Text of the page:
Wednesday, March 12, 2014
By Meredith Goad email@example.com
I love it when readers give feedback, and boy, did you ever on the Jan. 1 column that focused on food and restaurant trends we like and don’t like in 2014.
Reader June McLean asks: “Why can’t restaurants serve a decent cup of tea? Weak tea brewed in lukewarm water is not a fitting end to a fine dinner. Some restaurants in Portland don’t even have tea. Herbal teas do not cut the mustard.”
Press Herald file
I received nearly three dozen emails from readers (and they are still coming in), an unprecedented number at a time when most people usually just vent on social media for a bit and then forget about it. The overwhelming majority were positive, except for a handful of people who were angry at the comments about gluten-free menus. More on that below.
There was also a lively discussion on Facebook that briefly turned into a personal attack on me – mostly, from what I could gather, from young people who work in the restaurant industry who think I am as old as Methuselah’s mama. (That made me laugh. No, I’m not 20 anymore, but I’m still way younger than a lot of your bosses.)
One thing that struck me in reading all the messages was the gulf between what the public wants and what people who work in restaurants think they want.
All that said, in the grand scheme of things the column and the reaction to it was not part of any scientific survey, so take everything that follows with the proverbial grain of salt and the spirit of fun in which it was originally intended.
Let me start by addressing your comments on the suggestion that we’ve had enough of gluten-free menus. We asked: “How many people actually have celiac disease? (About 1 percent.)”
Well, people who have celiac disease, or know someone who has it, let me have it.
Virginia from Wells wrote: “First, people don’t have to suffer from celiac’s to be sensitive to gluten – there are thousands of us who cannot tolerate gluten and really appreciate a restaurant that serves a dish or two that will not make us sick. I found your dismissal of that issue insensitive.”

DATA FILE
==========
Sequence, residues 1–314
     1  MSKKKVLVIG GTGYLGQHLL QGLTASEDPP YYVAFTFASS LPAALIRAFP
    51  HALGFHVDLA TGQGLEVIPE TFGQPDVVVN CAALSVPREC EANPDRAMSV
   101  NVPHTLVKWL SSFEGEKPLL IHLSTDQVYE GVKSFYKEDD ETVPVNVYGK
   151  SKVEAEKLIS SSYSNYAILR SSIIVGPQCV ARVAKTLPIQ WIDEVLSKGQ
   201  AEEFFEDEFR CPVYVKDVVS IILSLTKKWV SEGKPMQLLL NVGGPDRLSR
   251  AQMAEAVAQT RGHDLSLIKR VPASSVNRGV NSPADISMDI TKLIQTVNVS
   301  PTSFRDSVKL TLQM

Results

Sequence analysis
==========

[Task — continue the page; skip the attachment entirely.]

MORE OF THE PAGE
“The fact that so many restaurants now have food that I can eat is a joy to me,” wrote Helen Coxe of Portland, who has celiac disease. “I wish it were possible for me to eat everything that was on the table, but, alas, those days are gone. Local restaurants seem to be practicing inclusion, a very nice trend. And I have never heard complaints from the chefs and managers I have thanked. Some have gone so far to say their customer base has grown.”
Let me just say that if our little rant was offensive to you, I apologize. It’s my fault for not dropping the tongue-in-cheek banter in favor of clarity and thoroughness.
Let me reassure the folks who think I’ve never heard of celiac disease that not only have I heard about it, when I was a science reporter I wrote about it – long before gluten-free became a national buzzword. I know how hard celiac is to live with (as well as sensitivities to wheat), and when we said we’ve had enough of gluten-free menus, we didn’t necessarily mean they should go away completely.
We were actually poking a little fun at the nearly 30 percent of Americans (according to the NPD marketing group) who have just jumped on the gluten-free bandwagon like sheep and say they’re cutting back on gluten for other reasons – to be generally healthier, for example, or to lose weight.
For people who do not have celiac disease, or a milder sensitivity to wheat, going gluten-free is not like eliminating butter from your diet to lower your cholesterol, or cutting out desserts.
There are plenty of anecdotes, but no overwhelming body of scientific research yet showing that eschewing gluten will help you lose weight.
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